COLUMBUS — Close to a year after taking office, Gov. Ted Strickland has yet to use executive clemency — the first time in recent years that an Ohio governor has held off on exercising that power, a newspaper reported on Sunday.
Strickland, a Democrat, did delay three death-penalty cases earlier this year. But he hasn’t acted on 268 requests on his desk, and probably won’t take any action by the end of the year, The Columbus Dispatch reported.
“The governor’s approach is very serious, very sober,” said Kent Markus, Strickland’s chief legal counsel. “He believes that these decisions must be made only after the most comprehensive review and thoughtful consideration.”
Strickland is considering 74 applications carried over from former Gov. Bob Taft, a Republican, Strickland spokesman Keith Dailey said.
He’s also considering another 50 that he’s received since taking over from Taft in January.
Strickland has not begun reviewing an additional 144 applications submitted since he took office, Dailey said.
The governor took several months to establish a review process, which began with an examination of the requests by Markus.
He prefers to look at cases without first getting a recommendation from his legal staff so that he can maintain an open mind, Dailey said. After that, Strickland considers recommendations from members of his staff, the Ohio Parole Board, judges and other interested parties.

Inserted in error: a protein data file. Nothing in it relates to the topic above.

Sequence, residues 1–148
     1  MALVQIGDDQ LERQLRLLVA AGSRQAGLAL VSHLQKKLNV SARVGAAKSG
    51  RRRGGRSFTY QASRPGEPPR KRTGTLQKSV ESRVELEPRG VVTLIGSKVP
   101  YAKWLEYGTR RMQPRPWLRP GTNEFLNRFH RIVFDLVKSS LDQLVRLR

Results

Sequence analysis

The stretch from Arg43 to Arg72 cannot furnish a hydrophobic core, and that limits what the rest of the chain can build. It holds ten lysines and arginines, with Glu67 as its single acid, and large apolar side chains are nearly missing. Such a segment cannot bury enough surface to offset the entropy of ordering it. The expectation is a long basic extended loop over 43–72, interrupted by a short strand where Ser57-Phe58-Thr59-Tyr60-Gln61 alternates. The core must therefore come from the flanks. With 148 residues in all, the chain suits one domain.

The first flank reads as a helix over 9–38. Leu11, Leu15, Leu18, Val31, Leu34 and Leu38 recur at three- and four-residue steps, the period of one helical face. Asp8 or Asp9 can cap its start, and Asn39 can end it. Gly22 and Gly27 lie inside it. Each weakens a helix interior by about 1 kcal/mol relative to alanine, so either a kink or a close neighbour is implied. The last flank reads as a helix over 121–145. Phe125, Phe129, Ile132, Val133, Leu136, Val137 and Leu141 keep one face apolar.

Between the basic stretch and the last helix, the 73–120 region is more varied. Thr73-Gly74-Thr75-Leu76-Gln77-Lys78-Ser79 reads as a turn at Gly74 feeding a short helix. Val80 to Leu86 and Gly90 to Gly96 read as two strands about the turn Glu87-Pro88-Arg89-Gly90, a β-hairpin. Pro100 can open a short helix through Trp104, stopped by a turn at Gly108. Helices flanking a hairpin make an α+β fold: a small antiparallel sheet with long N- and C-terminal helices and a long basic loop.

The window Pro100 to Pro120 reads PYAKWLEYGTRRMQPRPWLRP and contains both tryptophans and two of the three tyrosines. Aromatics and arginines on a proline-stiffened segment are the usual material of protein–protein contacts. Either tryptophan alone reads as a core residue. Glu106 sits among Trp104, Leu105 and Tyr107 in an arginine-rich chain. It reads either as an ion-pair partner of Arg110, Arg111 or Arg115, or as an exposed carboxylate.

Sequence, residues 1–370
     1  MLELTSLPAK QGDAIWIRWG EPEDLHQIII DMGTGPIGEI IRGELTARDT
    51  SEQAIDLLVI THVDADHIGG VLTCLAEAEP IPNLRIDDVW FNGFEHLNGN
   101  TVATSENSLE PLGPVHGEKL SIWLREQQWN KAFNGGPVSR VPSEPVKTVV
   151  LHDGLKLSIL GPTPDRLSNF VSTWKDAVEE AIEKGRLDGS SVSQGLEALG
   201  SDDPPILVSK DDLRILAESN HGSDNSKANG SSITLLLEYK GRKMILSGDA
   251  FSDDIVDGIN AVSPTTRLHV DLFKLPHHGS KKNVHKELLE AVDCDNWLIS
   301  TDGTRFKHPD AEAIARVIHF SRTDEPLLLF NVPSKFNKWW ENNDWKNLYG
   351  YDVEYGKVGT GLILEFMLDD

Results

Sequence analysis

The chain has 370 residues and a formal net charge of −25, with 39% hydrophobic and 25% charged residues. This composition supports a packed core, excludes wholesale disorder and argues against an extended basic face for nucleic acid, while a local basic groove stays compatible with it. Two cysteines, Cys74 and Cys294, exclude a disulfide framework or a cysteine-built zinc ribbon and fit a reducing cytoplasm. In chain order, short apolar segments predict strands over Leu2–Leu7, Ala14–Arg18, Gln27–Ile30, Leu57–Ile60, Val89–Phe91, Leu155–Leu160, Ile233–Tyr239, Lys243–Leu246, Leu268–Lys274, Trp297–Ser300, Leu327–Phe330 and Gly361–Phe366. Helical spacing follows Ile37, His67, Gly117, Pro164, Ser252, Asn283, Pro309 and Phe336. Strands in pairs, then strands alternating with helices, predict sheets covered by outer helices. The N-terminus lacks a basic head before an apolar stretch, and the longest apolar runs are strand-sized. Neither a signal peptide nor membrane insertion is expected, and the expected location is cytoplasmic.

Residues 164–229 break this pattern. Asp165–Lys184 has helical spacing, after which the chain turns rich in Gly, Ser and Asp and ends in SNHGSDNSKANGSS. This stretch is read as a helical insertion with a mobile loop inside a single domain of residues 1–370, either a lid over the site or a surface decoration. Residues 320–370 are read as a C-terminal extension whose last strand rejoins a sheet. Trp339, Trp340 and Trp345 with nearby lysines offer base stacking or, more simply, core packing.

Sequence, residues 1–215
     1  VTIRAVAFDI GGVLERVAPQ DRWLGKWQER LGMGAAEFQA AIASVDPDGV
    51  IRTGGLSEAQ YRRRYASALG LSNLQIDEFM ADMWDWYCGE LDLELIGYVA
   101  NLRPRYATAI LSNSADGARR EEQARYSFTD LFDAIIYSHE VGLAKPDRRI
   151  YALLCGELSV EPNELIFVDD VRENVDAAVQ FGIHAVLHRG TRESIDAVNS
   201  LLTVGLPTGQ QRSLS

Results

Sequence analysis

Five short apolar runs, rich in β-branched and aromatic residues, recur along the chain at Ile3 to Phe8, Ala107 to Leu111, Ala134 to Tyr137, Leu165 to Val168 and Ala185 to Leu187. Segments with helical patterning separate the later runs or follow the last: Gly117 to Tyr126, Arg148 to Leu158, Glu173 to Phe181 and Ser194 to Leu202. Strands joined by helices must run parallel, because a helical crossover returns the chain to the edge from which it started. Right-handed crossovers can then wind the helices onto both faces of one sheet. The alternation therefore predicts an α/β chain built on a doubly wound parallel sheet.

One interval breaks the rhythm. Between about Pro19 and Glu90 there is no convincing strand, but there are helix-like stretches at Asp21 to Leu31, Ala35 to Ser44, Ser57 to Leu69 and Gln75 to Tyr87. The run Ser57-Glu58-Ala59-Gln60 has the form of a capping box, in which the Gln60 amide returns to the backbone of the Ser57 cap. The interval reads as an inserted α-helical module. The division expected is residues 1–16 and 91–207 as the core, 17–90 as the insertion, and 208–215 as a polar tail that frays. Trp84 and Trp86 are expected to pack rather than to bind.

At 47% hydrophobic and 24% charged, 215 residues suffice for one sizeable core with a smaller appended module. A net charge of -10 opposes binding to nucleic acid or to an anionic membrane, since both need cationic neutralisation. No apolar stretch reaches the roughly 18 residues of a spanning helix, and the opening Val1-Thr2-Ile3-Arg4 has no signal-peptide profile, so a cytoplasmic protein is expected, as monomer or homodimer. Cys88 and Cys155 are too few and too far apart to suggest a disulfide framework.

Clemency from an Ohio governor can come in the form of a commutation, which results in a reduced sentence; a pardon, which wipes out a criminal record; a reprieve, which delays a sentence’s implementation; and the release of a critically ill prisoner who typically is determined by a doctor to be within six months of dying.
Taft approved 15 of 407 clemency requests during his first two years in office, the Dispatch reported. Republican Gov. George Voinovich, Taft’s predecessor, approved clemency in 28 of 606 cases in 1991, his first year in office.
Gov. Richard Celeste, a Democrat, granted 67 clemencies just before leaving office in 1991, commuted eight death sentences and shortened the prison sentences for 26 women who were found to be victims of battered woman syndrome.
In response, state lawmakers acted in 1994 to force governors to obtain a parole board recommendation before deciding a clemency request.
Republican Gov. James Rhodes approved clemency in 56 of 320 cases in 1982, his last year in office.